"When we look at the metabolic network topology, or the genes' placement on the network, as a subgroup, they are closer to each other. But when we look at other kinds of interaction, they are further apart," he explained. "So over the course of evolution, the network has evolved such that for related functions they make use of proteins that have different phylogenetic affinities. Chlamydomonas seem to 'like' diversity, when it comes to genes performing similar tasks."
Salehi-Ashtiani says that if you want to use algae as a source of biofuel, you want it to be able to grow well in the environment where it will be produced. The Abu Dhabi algae they have studied has a high heat tolerance, at least five degrees above that of the New York algae. It also helps if the algae grows fast and can withstand contamination from other algae or bacteria.
One major motivation behind this project is to see the relationship between environment and evolution.
The algae should also produce lots of lipids. "Our soil algae usually don't produce a lot of lipids, but they do grow fast, and you can induce them to make lipids if you starve them of nitrogen," Salehi-Ashtiani explained. "But pretty much all of our marine algae make a lot of oil. And we are working on finding conditions under which they can grow quickly."
Advanced Drug Screening
CGSB Founding Director Fabio Piano works alongside Kris Gunsalus, the program director for the chemical genomics group at CGSB. The group works with a model system called C. elegans, a nematode, or roundworm.
C. elegans are tiny — a millimeter long — and are excellent for genetic work because they have a lifecycle of less than three days, which allows researchers to study how the organism changes from generation to generation. They are also accommodating. "They feed happily on bacteria, and you can grow thousands, if not millions, in a lab," Piano said. And their clear skin makes it easy for researchers to observe every cell in the animal with a microscope.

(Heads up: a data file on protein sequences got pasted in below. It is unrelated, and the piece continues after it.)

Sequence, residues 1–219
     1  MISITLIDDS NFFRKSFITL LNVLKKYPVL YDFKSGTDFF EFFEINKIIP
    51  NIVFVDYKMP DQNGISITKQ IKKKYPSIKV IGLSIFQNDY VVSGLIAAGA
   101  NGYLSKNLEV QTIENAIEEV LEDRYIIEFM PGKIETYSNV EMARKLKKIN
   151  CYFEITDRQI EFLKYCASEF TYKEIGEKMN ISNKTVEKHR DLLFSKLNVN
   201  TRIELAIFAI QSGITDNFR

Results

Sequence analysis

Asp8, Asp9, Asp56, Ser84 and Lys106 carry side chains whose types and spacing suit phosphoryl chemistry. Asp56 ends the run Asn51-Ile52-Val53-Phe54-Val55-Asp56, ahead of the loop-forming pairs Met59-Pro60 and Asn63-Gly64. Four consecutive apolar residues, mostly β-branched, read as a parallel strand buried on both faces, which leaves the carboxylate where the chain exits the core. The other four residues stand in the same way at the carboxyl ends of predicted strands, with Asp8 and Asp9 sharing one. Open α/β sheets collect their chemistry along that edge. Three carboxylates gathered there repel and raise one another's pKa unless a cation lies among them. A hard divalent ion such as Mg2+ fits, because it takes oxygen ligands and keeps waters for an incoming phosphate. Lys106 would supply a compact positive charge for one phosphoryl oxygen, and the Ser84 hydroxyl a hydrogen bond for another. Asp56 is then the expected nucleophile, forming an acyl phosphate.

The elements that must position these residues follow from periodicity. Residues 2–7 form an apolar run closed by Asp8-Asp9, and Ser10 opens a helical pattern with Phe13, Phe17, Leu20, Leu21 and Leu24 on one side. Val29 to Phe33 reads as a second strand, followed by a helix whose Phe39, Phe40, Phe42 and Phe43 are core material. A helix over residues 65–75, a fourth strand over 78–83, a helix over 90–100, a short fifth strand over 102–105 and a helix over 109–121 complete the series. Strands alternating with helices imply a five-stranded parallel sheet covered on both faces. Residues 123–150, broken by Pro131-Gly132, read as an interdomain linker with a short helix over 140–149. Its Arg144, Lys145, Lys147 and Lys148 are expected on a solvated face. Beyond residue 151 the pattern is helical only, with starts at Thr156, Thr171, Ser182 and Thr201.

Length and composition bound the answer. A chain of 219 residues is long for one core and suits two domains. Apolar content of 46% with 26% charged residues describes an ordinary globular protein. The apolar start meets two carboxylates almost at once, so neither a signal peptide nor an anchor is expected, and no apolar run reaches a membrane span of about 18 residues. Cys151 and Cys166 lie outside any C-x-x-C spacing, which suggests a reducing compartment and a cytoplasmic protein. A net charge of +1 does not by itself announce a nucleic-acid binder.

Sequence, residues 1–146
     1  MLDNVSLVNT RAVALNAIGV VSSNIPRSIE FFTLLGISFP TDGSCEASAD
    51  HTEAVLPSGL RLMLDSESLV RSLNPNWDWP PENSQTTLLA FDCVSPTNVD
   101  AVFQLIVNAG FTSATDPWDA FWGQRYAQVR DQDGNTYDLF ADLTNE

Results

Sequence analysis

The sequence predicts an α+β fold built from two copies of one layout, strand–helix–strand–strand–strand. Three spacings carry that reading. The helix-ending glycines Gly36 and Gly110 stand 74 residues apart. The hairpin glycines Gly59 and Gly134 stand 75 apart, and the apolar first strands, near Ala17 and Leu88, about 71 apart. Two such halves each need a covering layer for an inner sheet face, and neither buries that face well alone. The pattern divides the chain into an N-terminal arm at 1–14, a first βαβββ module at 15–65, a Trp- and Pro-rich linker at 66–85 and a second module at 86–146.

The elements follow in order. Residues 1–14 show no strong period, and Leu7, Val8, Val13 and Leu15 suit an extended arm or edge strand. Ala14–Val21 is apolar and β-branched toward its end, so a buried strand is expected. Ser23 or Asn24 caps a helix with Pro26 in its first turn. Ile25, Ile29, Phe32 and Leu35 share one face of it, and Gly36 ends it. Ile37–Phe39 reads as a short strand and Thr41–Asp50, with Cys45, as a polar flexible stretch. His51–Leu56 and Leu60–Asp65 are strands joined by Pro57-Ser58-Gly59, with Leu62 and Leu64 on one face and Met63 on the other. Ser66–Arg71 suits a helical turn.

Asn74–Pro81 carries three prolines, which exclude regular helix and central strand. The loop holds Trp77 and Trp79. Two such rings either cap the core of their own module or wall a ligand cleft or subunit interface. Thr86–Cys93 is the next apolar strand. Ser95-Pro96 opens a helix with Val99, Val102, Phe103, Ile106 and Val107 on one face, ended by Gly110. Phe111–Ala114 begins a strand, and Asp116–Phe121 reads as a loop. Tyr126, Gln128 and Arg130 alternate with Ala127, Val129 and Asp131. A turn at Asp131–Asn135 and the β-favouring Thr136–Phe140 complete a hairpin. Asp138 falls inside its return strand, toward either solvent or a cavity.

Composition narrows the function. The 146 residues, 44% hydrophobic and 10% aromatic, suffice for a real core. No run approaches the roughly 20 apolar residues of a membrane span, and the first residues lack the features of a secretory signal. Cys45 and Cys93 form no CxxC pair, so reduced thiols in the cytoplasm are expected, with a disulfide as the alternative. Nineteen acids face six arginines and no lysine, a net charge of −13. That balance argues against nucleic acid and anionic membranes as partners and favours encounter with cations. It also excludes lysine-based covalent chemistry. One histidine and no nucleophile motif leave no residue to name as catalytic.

At NYUAD, Gunsalus' team has built a lab specifically designed for studying C. elegans as a model system for drug screening. Thousands of worms are grown on 96-well plates. A robot handles the plates and photographs the worms at different stages of development. The robot can also algorithmically analyze the images.
To date, the lab has produced several million images of the C. elegans under a variety of conditions and at different stages of maturity. "The system has a quantitative ability to tell us how many objects of a particular kind it sees in a huge set of images. And it can do this very quickly," Gunsalus explained. "For instance, if I'm testing for a drug that kills C. elegans embryos, I'm looking for images of embryos that don't hatch after a drug has been applied to them. And I can tell the system to look for specific shapes that look like unhatched embryos."
Humans and C. elegans have the same insulin pathways. "So you can use mutations in the worms that mimic the kinds of problems that would be present in a human who didn't have insulin receptors," Gunsalus said. "We can then test drugs or drug combinations that could cure the worm of this defect." Those drugs might in turn be useful in finding new drugs that could be used to treat humans who have diabetes.
And though C. elegans are harmless to humans, their nematode cousins in the real world cause diseases that affect more than a billion people. With their platform, the team will be able to screen drugs that could potentially treat diseases — like elephantiasis and river blindness — caused by other nematodes.
Technology and Society
Genetic technology is developing rapidly. A human genome can now be sequenced in a couple days for a few thousand dollars. This diffusion of once very expensive technology can help people to get a better understanding of their diseases or the diseases of their children, Piano said. But just because you can sequence a genome does not mean you should. "There are a whole bunch of other questions that society will have to deal with," he said. "So now the question becomes: 'In what circumstances do you sequence a human genome? What kind of information is it going to give you?'"
This article originally appeared in NYUAD's 2013-14 Research Report (13MB PDF).